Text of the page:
A great deal has been written to the effect that because the Declaration of Independence speaks of a right to “the pursuit of happiness,” rather than a right to happiness, happiness itself must be something subjective, something each individual should be free to pursue in his own idiosyncratic manner. The implication is that happiness cannot be a goal of public policy, since there is neither an agreement as to what it is nor a means of proving any one opinion on this question to be superior to any other. A free government is therefore looked upon as one that enables each individual to pursue happiness as he things fit to do, in as unrestrained a manner as possible. But what is idiosyncratic is private, and Jefferson speaks in the Summary View of public happiness. The Declaration itself speaks not only of the unalienable right to the pursuit of happiness, with which each individual has been endowed by his Creator, but also of the “safety and happiness” which each people collectively attempts to secure when it institutes new government. Clearly, whatever is uniquely individual in the private pursuit of happiness must be consistent with the public happiness and must fit within its framework. (10)

Jaffa’s more conservative viewpoint, then, emphasizes that private, idiosyncratic happiness should not be inconsistent with what Jefferson calls “public happiness.” Hamilton also uses the term “social happiness” in a speech, the context suggesting a parallel with Jefferson’s “public happiness.” And Aristotle in his Politics also insists that the individual’s happiness needs to be consistent with what he calls “the happiness of the state”:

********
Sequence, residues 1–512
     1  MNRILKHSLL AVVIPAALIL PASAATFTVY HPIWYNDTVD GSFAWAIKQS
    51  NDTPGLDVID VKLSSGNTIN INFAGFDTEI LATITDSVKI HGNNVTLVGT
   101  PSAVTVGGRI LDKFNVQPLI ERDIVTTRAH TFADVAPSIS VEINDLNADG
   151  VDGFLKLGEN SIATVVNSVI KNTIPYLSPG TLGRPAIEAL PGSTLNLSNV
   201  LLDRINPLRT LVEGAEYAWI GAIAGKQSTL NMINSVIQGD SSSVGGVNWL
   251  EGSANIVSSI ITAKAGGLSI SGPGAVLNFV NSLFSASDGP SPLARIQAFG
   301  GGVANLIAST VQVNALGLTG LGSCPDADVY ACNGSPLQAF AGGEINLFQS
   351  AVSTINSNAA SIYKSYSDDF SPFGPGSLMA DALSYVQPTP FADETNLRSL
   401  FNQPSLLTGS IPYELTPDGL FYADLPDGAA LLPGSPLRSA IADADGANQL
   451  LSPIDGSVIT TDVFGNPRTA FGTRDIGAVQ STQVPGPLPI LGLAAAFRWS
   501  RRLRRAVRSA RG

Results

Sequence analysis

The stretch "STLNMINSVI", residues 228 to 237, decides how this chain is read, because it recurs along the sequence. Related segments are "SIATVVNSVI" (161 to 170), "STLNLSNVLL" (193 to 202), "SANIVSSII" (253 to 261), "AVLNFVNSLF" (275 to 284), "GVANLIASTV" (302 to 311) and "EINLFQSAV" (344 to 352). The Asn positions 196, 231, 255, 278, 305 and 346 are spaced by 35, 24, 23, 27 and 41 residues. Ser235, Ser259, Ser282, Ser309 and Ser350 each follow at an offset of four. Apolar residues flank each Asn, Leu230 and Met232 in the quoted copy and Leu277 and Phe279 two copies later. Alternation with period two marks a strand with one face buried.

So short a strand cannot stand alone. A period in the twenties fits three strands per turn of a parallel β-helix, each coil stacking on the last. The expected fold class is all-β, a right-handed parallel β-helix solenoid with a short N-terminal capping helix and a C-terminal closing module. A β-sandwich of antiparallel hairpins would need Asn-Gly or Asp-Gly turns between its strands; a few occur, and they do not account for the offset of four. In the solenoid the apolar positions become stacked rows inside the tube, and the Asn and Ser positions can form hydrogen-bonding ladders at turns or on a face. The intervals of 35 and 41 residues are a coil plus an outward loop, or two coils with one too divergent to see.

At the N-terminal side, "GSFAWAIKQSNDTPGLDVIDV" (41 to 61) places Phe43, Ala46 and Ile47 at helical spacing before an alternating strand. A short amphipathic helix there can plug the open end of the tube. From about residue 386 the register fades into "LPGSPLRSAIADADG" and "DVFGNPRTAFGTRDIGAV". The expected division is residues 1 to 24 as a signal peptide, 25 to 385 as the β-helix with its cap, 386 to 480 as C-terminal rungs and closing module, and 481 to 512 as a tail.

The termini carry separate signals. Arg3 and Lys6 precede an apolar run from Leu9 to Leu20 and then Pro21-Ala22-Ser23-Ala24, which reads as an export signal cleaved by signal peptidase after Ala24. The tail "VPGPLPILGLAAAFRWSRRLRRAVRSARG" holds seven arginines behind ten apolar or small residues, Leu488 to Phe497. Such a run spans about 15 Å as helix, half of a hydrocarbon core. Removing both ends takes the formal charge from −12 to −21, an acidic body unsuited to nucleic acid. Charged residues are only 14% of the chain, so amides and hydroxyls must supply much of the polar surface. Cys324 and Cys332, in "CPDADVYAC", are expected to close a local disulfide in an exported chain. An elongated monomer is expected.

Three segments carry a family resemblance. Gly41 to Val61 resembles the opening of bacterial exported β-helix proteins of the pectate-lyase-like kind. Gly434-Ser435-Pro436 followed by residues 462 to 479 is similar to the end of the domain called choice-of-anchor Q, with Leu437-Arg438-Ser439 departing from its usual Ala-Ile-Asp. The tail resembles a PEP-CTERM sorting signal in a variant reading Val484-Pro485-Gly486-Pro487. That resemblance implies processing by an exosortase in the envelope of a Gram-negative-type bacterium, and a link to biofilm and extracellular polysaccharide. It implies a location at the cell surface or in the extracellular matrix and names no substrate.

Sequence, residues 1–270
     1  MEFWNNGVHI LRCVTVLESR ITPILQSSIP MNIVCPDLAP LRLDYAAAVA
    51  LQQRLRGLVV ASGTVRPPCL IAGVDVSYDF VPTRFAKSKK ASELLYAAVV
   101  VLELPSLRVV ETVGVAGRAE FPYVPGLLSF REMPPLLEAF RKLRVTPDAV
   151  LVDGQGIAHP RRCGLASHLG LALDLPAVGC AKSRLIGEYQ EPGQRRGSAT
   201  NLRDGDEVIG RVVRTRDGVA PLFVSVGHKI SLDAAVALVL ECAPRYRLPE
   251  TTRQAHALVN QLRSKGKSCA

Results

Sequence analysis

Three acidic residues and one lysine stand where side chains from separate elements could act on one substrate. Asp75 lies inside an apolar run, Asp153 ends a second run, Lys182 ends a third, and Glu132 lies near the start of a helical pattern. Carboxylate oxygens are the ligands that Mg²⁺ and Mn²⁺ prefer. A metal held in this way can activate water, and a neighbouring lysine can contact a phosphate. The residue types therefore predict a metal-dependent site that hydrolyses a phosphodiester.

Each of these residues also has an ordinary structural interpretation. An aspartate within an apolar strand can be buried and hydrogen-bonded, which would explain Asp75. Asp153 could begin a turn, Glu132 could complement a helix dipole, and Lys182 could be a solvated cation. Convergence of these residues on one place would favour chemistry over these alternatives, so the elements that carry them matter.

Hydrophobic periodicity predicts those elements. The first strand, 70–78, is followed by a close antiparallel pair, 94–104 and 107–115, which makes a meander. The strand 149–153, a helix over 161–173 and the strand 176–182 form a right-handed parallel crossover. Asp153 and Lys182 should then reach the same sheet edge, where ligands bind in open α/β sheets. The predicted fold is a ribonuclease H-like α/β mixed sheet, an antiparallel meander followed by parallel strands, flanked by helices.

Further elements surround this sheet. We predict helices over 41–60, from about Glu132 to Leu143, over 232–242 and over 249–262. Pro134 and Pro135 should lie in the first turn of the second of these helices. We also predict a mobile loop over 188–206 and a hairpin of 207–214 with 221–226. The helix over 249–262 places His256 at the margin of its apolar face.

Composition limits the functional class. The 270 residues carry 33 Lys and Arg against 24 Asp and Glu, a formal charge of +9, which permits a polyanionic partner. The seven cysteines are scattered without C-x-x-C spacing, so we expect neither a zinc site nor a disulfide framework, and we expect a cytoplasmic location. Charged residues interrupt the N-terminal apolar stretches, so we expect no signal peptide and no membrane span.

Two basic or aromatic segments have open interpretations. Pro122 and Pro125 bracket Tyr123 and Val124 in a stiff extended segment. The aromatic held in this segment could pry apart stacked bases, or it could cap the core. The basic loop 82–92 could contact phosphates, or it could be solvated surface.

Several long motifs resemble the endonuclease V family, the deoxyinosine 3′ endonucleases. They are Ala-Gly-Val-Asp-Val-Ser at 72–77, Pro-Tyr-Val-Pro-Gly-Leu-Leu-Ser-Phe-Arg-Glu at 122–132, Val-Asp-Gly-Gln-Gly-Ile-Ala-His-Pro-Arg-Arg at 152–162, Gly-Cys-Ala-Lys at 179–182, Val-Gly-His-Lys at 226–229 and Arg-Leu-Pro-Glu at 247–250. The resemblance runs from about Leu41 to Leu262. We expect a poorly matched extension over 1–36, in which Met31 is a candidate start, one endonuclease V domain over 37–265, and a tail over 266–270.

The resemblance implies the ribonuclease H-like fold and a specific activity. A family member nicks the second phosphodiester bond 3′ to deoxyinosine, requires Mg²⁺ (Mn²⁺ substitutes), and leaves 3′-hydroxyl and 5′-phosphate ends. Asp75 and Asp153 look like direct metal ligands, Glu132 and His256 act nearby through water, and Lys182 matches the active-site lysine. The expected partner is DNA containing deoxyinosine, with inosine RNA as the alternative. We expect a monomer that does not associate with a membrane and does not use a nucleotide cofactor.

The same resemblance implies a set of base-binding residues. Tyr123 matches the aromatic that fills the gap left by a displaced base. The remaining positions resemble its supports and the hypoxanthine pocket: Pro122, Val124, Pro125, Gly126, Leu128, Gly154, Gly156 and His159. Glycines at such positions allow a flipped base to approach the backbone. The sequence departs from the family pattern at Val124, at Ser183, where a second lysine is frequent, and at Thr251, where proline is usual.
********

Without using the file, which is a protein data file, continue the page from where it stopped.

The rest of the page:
There remains to be discussed the question whether the happiness of the individual is the same as that of the state, or different. Here again there can be no doubt – no one denies that they are the same. (Book 7, part 2)

Jaffa uses the term “radical individualism” for Townsend’s “unnatural obsession with individualism”:

[For Jefferson,] individual rights become valuable only insofar as they result in a good society – a society in which man’s moral and intellectual virtues can find their fullest measure of opportunity. There is in Jefferson none of that radical individualism that sees the rights of the individual transcending and opposing the moral demands of a good society. The opposition between the demands of society and the rights of the individual, so familiar in our time, arose only as those rights were no longer understood to be natural rights subject to the natural law. (27)

The first sentence in this quote might frighten libertarians and others. But Jaffa is suggesting that Jefferson sees a symbiotic relationship between the individual and her government, a kind of upward spiral along which the exercise of individual rights improves the society, which is then more empowered to give opportunity to the individual. I see Jaffa’s and Townsend’s notions of society and government as oriented to individual rights and subject to natural law. But one must be oriented to society to fulfill her individual potential, they seem to say. It’s the unstated benefit in President Kennedy’s “Ask not what your country can do for you; ask what you can do for your country.”

Townsend and Jaffa share the same concern about “radical individualism,” then, and they both envision, in Jaffa’s words, “a society in which man’s moral and intellectual virtues can find their fullest measure of opportunity.” I assume, without any certainty, that Townsend’s understanding of “moral virtues” would emphasize what her father emphasized – actions to help the less fortunate. I assume also, with no more certainty, that Jaffa’s would emphasize private morality.